Silent Disco: an event where music is transferred through wireless headphones instead of loud speakers; a concept that is popular in the States. You can have an EDM concert or office parties with little noise pollution so it’s ideal for venues in the city.
I had my reservations about this one. Why? Because, I also had a similar concept in mind and sent a proposal to a few prominent establishments and companies looking for sponsorship. So imagine my shock when I saw this, and with the same name. Anyway, let’s not point fingers. As they say: no idea is original.
The team called “Quiet Jamaica” brought the silent disco concept to Jamaica, as they hosted a few of them in parts of Kingston and Montego Bay. This is the right time as EDM is now a growing party trend in Jamaica.
This staging was held at Tracks & Records, the restaurant of the fastest man Usain Bolt. Tickets were $2,000 pre-sold $2,500 at the gate and a group rate of $1,500. We got there early around 12:00 pm and saw a few persons collecting their headphones and entering. I wasn’t about to pay $2,500 to get in so after some superior negotiations, my friends and I paid only $1,500 each.
Once we got in, persons were lounging around sitting and talking. Most persons didn’t dress for a rave; girls in high heels and tight dresses men in jackets and with lots of jewelry. Another noticeable thing was the music being played in the headphones was from a CD as there was no DJ present.
The headphones consisted of 3 channels from which you can switch. The headphones were colour coded to give a nice visual effect. One played Soca, (blue) one played Hip-hop (green) and the last playing Dancehall (red). There was no EDM. The other downfall was it wasn’t a drink inclusive event. I would have been pissed if I had paid $2,500 to get in.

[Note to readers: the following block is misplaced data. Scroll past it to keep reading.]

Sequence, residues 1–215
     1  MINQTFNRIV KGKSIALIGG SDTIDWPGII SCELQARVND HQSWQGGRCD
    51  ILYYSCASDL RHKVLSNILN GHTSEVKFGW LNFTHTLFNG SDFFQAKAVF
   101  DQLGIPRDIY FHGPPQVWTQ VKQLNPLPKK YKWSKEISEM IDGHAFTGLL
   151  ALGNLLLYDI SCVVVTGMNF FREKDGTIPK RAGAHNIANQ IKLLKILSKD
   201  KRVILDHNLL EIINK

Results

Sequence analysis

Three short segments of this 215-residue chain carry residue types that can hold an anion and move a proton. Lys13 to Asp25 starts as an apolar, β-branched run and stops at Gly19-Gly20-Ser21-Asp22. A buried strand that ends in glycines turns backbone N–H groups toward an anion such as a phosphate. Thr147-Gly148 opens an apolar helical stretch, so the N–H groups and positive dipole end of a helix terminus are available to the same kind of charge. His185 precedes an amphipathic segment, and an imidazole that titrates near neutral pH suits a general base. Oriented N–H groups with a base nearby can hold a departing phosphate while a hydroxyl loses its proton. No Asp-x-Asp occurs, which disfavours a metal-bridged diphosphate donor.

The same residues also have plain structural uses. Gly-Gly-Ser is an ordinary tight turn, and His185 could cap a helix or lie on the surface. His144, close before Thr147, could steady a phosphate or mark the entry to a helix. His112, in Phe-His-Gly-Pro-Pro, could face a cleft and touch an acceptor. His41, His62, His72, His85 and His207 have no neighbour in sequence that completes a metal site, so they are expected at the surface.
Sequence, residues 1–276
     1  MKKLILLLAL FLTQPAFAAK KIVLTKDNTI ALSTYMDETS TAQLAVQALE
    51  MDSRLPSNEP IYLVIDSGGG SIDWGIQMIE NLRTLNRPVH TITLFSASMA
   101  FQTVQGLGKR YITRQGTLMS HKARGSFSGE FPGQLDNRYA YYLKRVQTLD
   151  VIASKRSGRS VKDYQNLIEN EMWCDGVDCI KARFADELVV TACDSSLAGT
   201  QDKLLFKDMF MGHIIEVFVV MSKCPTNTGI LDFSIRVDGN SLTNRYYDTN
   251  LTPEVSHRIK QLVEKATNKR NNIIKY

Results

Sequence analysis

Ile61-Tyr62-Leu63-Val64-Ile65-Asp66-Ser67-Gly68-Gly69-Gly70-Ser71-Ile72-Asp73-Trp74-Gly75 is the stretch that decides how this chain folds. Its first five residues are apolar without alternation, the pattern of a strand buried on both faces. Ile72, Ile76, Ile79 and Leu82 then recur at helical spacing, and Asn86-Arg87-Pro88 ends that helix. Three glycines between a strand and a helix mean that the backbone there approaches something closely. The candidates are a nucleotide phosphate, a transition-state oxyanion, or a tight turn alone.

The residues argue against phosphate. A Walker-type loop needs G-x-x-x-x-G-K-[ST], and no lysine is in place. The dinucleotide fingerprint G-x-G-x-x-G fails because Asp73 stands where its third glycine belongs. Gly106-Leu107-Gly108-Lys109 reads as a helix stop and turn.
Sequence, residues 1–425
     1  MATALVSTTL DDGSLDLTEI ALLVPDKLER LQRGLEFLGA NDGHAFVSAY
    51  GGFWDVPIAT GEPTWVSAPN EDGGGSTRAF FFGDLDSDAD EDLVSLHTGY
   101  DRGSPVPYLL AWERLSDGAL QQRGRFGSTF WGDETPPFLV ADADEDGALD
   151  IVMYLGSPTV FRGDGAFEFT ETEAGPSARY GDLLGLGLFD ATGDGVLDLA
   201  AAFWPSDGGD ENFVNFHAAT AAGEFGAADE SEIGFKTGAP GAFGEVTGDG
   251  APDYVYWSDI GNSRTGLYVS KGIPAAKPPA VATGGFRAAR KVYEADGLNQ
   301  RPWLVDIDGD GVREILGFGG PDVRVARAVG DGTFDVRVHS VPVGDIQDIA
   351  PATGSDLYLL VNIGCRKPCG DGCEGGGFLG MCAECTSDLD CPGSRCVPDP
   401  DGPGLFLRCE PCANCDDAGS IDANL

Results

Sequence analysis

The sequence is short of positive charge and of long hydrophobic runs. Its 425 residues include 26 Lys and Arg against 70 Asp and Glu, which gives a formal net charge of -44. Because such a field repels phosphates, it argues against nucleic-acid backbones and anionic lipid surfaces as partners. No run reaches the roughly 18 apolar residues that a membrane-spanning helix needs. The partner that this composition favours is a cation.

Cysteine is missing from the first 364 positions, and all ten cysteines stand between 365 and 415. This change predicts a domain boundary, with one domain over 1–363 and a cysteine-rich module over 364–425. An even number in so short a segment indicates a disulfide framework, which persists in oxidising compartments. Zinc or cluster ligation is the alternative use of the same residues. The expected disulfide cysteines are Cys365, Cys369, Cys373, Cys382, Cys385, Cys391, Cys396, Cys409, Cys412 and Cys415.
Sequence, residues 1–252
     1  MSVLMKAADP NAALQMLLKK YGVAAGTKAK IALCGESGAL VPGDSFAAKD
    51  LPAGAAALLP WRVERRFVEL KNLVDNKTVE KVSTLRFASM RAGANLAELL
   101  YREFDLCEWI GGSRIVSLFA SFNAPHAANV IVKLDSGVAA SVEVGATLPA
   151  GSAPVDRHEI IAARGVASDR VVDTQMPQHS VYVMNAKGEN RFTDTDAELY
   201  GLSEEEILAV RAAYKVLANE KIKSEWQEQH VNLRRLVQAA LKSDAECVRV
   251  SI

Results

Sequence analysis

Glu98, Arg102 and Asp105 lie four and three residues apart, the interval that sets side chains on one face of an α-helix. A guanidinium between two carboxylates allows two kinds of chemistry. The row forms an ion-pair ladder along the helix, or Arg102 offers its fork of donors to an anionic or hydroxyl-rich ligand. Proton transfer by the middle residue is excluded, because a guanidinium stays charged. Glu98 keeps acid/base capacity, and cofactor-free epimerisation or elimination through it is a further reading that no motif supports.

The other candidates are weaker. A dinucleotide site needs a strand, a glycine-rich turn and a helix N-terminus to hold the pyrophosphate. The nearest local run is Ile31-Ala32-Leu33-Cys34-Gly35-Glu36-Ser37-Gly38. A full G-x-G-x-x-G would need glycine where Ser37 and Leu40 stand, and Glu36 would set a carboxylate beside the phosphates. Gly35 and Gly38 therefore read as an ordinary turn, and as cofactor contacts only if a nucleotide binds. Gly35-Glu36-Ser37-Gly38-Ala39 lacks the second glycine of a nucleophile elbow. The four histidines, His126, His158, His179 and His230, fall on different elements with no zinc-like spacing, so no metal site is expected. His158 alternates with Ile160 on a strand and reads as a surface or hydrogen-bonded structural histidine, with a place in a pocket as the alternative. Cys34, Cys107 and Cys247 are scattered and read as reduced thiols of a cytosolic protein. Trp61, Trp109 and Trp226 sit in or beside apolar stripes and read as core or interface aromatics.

Anyhow we hit the bar, got us a drink and just vibed to the music being played. People gathered in their groups each listening to different channels. Eventually the DJs showed up. We would be entertained by the musical styling of Creep from Chromatic, Dj Nico and DJ Lank. Once they took their positions, the tempo increased and the party officially started.
Each DJ played a different genre in the beginning. There was the 90’s Dancehall, the old school Hip-hop and Soca. The Soca fans were the first group to start raving as they shouted and danced to the hits they heard. If persons saw a group of people getting hyped they would switch their headphones to that channel. This went on for the night: depending on which hits a DJ was playing almost everyone would switch to that colour.
The tempo grew as each DJ mixed. Well, it was like a competition between them to see who could hype the crowd the most and get everyone to switch to their channel. They did so well, it was hard to choose a channel at one point. Each genre had a high point: Dancehall with the gangsta and whining sessions, Hip-hop with the latest popular songs and Soca of course with the ladies carrying on bad.
But later on, a lot of songs began to be repeated as the DJs began to play other genres instead of sticking to one. So you would have two channels playing dancehall songs that were played earlier.
Soon all three DJs synced together and played Adele’s “Hello”, which was basically the signal the party was finished. Overall, it was a good experience. There were high points due to the DJs mixing well, but the dress code of patrons, no inclusive liquor or a channel for EDM made it far from a rave or the idea of what a rave should be.
But this is definitely a concept that can catch on in Jamaica once done properly. I myself will be looking to give this a shot so let’s see what 2016 brings.
(Check out my IG page @shermz_partyheart for video clips of the event)